While serving as Unitarian minister at Lancaster, 1858-62, Solly became convinced that working men needed recreational clubs. Accordingly, in 1862 he founded the Working Men’s Club and Institute Union in London. He became its first paid secretary in 1863. A fine organiser, he founded clubs all over the country and soon made the Club Union into a national organisation. However, as secretary he wanted everything run his way. In 1867, when he opposed the clubs’ practice of selling alcohol, he was forced to resign. He returned in the 1870s but left again after disputes about his salary. The movement which he started nevertheless proved to be a permanent feature in British life. At his death there were 992 clubs with over 380,000 members.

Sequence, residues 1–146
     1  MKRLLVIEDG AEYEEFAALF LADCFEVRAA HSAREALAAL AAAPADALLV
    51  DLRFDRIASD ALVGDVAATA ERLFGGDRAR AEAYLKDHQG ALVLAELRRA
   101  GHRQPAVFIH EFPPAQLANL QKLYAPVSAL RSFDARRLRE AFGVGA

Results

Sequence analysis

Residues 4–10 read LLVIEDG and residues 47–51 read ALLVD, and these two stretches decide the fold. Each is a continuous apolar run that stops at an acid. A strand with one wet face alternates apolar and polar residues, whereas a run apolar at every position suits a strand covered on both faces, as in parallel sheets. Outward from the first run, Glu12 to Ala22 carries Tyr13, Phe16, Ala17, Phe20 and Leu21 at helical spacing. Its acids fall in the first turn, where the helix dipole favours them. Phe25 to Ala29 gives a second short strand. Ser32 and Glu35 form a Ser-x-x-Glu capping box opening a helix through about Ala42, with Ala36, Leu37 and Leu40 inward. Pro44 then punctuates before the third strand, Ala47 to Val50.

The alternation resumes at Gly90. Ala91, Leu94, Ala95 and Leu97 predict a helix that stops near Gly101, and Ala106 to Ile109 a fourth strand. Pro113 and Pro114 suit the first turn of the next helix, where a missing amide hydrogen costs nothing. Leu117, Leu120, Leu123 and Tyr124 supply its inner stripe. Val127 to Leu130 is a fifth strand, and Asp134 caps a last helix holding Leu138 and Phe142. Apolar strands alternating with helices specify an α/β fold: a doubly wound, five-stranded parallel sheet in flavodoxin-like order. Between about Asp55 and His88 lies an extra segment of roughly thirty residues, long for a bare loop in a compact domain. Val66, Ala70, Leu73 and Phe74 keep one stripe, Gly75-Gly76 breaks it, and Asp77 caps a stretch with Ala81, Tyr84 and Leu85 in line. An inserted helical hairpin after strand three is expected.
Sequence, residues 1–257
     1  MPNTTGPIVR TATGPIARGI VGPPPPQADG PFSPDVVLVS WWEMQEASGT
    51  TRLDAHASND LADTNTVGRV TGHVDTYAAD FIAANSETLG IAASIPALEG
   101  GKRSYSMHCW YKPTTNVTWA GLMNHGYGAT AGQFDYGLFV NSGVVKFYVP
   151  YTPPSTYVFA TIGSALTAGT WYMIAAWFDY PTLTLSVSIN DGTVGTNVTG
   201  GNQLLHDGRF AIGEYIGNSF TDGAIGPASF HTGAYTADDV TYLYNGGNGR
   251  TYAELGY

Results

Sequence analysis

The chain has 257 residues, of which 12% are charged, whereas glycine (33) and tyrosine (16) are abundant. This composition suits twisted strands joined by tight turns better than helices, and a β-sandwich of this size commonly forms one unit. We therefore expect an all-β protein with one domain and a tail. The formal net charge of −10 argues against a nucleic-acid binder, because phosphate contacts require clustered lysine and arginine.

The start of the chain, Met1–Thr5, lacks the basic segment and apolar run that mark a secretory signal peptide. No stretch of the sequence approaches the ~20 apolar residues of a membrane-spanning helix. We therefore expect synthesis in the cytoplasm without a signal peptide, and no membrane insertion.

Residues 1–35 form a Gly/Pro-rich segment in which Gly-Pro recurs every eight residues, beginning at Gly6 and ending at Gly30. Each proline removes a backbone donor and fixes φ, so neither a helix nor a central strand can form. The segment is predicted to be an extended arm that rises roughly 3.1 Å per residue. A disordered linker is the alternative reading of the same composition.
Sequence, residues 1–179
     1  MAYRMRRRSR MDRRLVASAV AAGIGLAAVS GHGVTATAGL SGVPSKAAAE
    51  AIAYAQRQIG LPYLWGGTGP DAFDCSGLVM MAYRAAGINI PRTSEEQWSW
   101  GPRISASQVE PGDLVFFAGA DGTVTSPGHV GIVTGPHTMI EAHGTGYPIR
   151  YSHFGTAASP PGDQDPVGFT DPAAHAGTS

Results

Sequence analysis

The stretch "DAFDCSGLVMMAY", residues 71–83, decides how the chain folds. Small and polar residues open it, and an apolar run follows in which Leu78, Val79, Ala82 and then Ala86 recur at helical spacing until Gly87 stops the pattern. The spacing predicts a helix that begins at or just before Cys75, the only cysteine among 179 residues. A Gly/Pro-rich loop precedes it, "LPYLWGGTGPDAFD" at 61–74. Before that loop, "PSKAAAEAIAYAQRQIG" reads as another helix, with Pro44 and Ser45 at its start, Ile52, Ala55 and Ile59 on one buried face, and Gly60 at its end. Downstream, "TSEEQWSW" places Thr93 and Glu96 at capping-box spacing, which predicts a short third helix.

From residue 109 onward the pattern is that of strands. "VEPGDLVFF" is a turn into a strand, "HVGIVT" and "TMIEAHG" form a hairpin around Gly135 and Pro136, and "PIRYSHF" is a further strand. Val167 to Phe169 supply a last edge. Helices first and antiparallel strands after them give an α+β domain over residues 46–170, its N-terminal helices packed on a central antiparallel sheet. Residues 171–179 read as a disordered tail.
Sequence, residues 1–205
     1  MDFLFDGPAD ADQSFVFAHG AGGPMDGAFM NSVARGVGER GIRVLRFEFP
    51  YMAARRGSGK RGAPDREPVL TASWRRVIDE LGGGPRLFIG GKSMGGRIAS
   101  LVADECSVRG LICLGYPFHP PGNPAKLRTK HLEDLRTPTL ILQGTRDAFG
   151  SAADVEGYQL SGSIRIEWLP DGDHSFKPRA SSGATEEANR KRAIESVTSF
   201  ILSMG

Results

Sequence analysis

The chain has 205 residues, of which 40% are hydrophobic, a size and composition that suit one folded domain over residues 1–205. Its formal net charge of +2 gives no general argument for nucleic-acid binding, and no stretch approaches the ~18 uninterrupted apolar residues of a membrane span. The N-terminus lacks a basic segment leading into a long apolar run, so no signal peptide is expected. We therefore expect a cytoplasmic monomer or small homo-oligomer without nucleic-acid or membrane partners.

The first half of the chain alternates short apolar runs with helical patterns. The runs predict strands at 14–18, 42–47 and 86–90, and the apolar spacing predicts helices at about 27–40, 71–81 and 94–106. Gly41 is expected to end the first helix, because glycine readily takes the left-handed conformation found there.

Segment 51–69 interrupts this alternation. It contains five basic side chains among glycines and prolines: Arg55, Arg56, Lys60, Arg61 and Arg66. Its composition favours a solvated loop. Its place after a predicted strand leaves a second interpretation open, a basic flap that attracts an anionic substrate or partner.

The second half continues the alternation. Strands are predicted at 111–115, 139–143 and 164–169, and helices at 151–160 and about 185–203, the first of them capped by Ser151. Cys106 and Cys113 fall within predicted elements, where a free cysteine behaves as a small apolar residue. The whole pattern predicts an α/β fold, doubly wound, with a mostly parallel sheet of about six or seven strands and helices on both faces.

Solly next turned his attention to the indigent element in society. A concern arose in the 1860s that there was a danger that self-help and charity could conflict. It was believed that the poor could best be helped, by intelligent use of charity funding, to help themselves. In 1868 Solly gave a public lecture aimed at action on these lines. The next year he was instrumental in founding the Charity Organisation Society, with the aim of better administering charity relief, emphasising the need for self help, and accompanying it with personal care. The Society later became a key body in administering charity and relief in London and, in the 20th century, was closely associated with the introduction and development of social casework in Britain. Solly became its first secretary and presiding genius, but was again forced out because of his demands for more power and money.